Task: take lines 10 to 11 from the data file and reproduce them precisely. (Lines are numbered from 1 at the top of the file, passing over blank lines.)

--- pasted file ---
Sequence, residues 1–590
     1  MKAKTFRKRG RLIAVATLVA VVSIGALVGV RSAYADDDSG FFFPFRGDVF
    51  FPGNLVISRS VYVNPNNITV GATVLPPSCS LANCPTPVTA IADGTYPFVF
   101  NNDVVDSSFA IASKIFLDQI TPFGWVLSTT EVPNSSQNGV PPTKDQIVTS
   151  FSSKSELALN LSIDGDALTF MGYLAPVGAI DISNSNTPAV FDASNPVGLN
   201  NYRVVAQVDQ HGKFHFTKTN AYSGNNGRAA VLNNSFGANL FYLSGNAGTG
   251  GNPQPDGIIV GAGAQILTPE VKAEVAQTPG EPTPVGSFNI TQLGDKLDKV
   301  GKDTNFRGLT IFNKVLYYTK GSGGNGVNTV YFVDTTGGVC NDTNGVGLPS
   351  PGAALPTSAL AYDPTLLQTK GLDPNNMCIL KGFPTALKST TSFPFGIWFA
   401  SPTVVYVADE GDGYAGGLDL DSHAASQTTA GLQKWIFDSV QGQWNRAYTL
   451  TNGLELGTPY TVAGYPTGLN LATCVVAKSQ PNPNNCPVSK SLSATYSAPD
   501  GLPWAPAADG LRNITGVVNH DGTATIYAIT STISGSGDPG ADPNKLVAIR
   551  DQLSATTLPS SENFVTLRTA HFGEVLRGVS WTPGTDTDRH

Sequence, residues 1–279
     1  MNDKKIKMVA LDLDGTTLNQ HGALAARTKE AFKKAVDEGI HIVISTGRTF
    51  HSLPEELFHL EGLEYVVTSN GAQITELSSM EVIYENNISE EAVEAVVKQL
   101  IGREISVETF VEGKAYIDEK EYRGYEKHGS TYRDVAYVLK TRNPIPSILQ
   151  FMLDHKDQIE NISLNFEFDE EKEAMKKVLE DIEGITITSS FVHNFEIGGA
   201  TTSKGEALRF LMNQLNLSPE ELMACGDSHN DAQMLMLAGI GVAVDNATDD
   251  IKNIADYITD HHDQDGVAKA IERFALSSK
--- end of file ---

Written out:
   401  SPTVVYVADE GDGYAGGLDL DSHAASQTTA GLQKWIFDSV QGQWNRAYTL
   451  TNGLELGTPY TVAGYPTGLN LATCVVAKSQ PNPNNCPVSK SLSATYSAPD